How To Drag Yourself Out Of A Rut With Three Good Habits

This is the fourth piece to be published on the Get The Guy blog from my brother Stephen. Steve helped co-write the Get The Guy book and is a wealth of knowledge on dating and relationships.

Today’s article is a little more lifestyle orientated. Simple but effective advice for making 2014 everything you want it to be. Enjoy!

Enter Stephen

I think we were lied to. It’s not enough to be in the right place at the right time.

That old hackneyed formula might apply in retrospect, if you had to explain, say, the explosion of an iconic figure like Bob Dylan, who arrived precisely at a sweet spot in the 1960’s just when the world was ready for a nasal-voiced folk poet genius.

But for you and me, the “right place, right time” mantra, when offered as though it were sage advice equates to something like “get lucky” – and, despite Pharell Williams’ dogged insistence, I just can’t be up all night waiting for that to happen. Not with my schedule.

The thing is, many of us are in the right places. Often at the right time as well.

We can go to the gym, attend our cool friend’s party, or get to our desk everyday. We show up, but that doesn’t automatically translate to any visible improvement. The most dispiriting feeling is when you’re punching in, trying hard, and still nothing seems to improve. Repeat this enough, and the road leads to despair and cynicism.

So showing up, right place or right time, isn’t enough. Showing up is just the first, albeit crucial, step that must be immediately be followed by another: Doing effective things.

Working out in the gym everyday will only yield average results if you don’t perform effective workouts. For example, in recent months I tried my own gym experiment. I replaced two of my weekly unstructured solo gym sessions with two instructor-led group circuit sessions per week. The improvement in fitness and body shape was drastic. Looking back, substituting in those circuit sessions with an instructor brought two benefits I couldn’t have created alone:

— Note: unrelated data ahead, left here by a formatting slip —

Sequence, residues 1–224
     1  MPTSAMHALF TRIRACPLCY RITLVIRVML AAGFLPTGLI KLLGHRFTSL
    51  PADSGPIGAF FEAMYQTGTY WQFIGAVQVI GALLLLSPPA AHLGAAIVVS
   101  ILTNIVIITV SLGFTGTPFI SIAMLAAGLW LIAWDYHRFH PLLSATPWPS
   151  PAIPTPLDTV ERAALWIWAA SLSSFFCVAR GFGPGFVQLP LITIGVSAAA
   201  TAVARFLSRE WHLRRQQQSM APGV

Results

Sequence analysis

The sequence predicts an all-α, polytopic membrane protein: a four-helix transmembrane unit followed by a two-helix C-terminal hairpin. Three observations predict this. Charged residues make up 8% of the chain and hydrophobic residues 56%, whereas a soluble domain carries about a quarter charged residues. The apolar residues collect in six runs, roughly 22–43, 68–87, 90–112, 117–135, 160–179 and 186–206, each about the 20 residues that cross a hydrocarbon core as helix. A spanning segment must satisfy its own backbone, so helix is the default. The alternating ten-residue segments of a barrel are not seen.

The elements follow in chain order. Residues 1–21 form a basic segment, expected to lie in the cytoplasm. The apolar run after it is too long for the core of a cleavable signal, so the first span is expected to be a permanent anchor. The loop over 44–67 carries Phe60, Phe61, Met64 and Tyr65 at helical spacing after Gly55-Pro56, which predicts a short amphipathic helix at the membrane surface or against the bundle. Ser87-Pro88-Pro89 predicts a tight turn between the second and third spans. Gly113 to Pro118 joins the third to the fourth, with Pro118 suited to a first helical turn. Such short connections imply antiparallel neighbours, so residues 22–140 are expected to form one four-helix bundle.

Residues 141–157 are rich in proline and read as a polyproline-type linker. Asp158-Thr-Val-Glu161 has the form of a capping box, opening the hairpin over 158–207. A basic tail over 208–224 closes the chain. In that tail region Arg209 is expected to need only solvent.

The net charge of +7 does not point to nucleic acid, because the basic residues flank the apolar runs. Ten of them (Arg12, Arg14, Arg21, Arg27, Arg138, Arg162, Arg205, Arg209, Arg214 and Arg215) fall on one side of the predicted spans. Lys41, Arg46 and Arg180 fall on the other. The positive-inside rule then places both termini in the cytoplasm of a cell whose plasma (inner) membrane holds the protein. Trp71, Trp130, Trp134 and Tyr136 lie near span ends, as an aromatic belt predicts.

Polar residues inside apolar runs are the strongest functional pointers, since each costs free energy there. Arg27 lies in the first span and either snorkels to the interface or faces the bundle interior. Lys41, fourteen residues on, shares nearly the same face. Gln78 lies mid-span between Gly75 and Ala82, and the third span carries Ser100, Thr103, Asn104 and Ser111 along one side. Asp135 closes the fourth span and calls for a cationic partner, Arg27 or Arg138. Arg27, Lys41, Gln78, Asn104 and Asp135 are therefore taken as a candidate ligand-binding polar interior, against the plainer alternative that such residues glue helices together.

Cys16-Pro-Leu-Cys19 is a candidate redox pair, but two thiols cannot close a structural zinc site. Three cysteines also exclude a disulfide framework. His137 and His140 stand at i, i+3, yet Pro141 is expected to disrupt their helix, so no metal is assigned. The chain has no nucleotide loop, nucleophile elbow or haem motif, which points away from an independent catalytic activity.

(1) Technical guidance – I was taken through uncomfortable exercises that I would used to have instinctively avoided when exercising alone.

(2) Accountability – I was pushed hard by an instructor, and therefore got more juice out of my usual hour-long workout.

The lesson was simple. Progress comes not just from action, but from taking effective action. I was in the same place (the gym), spending the same amount of time (an hour), but was taking more effective action.

But that, of course, isn’t the whole story.

The true success of that effective action will really be determined in the next six months, by just how many times I can drag my ass to those regular circuit sessions. In other words, to make real improvement, a good action has to become a good habit.

Not to sound too grand about it then, but our entire success in life (at least in terms of worldly achievement) comes down to three words: Make good habits.

I therefore propose we forget the ‘right place, right time’ philosophy, and humbly offer a new ultimate formula for all success in life:

Success = doing the right things, the right number of times.

That’s all a good habit really amounts to: Doing the right actions, with the right frequency.

Three Good Habits

So how does this relate to getting out of a rut?

Easy. We just need three good habits.

That’s three good habits for the next 6 months. Go ahead, write your own now. These habits are your absolute priorities, those few things you must make progress on over the next six months. Use them to frame your entire weekly schedule.